20. While it is possible to transition to the role of woman, this cannot be achieved by a simple act of will or performative utterance. The mere fact of “identifying as a woman”, feeling like a woman, believing one is a woman, or declaring “I am a woman”, on their own are insufficient to make one a woman. To be a woman is to occupy a social role and to be viewed by others as occupying that role, and therefore no subjective mental state is sufficient to make one a woman; becoming a woman is not a mere matter of “identifying as a woman”. If you are called Simon and “present as male“, then the mere fact that you identify as a woman, which presumably means simply to have some sort of feeling or belief in your mind, will have no bearing on how anyone views you, and thus you will continue to be treated with the respect and deference that it usually shown to men.

21. There has been on the left a general shift away from class based politics and structural analysis of oppression, and towards an individualistic politics whose primary demands are for the recognition and validation of identities. In conjunction with this shift, recent discourse on trans issues has moved away from the language of transsexuality, which defined transsexual people in terms of the experience of dysphoria, and towards the notion of talking about transgender people, who are defined in terms of their “gender identity“. This significantly broadens the category of people who now refer to themselves as trans. Many people who now self-define as trans may not experience any dysphoria at all, may have no desire to modify their bodies in any way, and may have no intention of ever engaging in a process of transition to live in the gender role associated with the opposite sex. What this means is that being trans is now entirely a matter of self-definition and self-identification.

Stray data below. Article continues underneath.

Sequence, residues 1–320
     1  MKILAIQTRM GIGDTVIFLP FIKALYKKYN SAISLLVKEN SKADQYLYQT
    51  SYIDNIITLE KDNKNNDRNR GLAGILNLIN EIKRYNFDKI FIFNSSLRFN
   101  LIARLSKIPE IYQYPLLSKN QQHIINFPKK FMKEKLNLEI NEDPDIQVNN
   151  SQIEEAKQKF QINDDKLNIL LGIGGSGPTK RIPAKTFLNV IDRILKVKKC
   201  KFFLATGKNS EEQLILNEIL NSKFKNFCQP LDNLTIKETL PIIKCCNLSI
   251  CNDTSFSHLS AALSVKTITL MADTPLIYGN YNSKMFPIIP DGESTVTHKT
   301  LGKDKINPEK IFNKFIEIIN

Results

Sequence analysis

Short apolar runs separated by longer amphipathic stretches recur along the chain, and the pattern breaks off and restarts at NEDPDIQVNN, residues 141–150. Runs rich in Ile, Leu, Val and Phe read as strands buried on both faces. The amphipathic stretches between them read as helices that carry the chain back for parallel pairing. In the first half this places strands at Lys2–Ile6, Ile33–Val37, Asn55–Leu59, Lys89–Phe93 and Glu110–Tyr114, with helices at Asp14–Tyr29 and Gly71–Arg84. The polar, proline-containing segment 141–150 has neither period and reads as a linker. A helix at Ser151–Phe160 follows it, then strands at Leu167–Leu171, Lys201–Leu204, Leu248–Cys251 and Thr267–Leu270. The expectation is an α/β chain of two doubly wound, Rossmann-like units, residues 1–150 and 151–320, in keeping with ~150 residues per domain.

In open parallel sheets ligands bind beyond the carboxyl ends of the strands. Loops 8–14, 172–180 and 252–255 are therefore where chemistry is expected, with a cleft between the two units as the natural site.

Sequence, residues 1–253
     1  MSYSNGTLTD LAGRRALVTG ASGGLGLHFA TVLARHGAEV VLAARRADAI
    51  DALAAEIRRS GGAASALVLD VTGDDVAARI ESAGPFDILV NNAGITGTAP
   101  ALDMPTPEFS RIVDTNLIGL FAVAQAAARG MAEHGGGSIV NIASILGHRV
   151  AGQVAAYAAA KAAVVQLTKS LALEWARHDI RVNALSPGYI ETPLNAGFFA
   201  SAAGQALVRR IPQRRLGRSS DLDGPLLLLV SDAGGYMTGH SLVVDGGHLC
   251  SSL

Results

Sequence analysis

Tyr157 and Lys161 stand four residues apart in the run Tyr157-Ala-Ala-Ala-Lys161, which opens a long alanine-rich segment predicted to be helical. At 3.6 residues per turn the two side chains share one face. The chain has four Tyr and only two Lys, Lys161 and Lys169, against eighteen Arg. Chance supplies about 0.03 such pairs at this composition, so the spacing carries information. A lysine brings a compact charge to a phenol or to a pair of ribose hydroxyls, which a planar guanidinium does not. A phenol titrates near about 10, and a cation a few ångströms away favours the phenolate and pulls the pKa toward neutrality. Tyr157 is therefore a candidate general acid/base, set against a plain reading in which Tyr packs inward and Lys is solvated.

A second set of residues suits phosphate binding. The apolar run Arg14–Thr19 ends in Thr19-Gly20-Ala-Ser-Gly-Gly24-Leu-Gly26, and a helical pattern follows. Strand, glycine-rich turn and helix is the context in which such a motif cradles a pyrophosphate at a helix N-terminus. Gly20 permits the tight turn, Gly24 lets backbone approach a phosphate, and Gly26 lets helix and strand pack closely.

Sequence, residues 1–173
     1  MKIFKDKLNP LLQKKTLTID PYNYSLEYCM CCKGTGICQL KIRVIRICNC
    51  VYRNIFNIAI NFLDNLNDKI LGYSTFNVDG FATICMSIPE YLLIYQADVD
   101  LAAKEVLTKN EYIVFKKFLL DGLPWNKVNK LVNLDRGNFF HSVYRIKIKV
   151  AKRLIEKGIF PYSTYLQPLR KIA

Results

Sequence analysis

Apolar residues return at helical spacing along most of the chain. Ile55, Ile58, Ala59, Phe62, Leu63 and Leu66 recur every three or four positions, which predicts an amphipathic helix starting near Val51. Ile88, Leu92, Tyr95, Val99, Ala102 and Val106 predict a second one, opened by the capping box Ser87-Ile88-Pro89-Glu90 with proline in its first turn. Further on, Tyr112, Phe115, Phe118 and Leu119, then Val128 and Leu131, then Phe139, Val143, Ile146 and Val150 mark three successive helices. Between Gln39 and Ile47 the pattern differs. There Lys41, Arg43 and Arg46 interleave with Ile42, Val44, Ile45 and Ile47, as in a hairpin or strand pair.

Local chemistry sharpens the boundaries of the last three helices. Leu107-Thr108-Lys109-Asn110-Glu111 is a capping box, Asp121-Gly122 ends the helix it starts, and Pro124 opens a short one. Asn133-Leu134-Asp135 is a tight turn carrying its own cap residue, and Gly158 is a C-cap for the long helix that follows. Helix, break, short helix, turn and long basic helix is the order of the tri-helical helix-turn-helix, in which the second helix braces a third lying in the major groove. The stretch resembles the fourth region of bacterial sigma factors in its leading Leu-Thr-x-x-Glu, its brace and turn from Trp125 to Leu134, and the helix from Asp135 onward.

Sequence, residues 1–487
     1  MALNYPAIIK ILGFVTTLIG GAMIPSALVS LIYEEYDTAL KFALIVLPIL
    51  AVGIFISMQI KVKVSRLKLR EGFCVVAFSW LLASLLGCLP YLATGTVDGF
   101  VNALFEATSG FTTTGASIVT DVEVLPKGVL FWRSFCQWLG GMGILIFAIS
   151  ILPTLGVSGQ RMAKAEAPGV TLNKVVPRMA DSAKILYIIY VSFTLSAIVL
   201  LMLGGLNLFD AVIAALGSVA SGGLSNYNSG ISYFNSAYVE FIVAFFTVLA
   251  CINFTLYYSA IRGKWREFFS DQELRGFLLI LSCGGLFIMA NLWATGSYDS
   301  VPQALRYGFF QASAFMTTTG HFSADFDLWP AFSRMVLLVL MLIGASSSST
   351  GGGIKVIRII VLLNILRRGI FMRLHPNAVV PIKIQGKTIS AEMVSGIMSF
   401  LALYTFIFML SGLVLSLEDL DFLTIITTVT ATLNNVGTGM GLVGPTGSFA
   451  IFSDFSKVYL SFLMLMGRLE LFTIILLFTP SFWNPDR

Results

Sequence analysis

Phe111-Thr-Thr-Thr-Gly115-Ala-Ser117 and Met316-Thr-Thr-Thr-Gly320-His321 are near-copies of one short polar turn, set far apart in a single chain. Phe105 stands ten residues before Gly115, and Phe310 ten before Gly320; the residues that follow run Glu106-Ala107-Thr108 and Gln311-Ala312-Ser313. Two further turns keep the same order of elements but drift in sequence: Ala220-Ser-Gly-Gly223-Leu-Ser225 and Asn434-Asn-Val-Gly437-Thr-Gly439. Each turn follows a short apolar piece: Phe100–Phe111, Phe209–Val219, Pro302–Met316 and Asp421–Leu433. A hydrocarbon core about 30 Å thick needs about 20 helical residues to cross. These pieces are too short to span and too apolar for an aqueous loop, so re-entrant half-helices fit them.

22. “Gender identity” is described as “someone’s internal, personal sense of being a man or a woman“, or “a person’s private sense, and subjective experience, of their own gender”. These definitions are vague and unclear, and so it’s not easy to get a grasp on exactly what it is that is being posited in talk of gender identity. One crucial feature of gender identity, as posited by its proponents, is that it is considered to be entirely independent of both biological sex, and of gendered socialisation. So the claim is that persons have an internal, personal sense of being a man or a woman (or something else entirely – more on this in point 28) that hangs free from, and can be explained and described without reference to, both their physical bodies, and their experience of being socially read and treated as a person with such a body. It is this that explains how a person can come to identify as a woman despite having a male body, and despite having been raised as male and having lived as a man. If you are transgender, then your “gender identity differs from what is typically associated with the sex [you] were assigned at birth”. it is claimed that everybody has a gender identity, so that if you are not trans, then you are cisgender, which means that your gender identity is aligned with the sex typically assigned at birth. (I have written before about my discomfort with the label cisgender, which I feel does not accurately describe me, nor many other women I know.)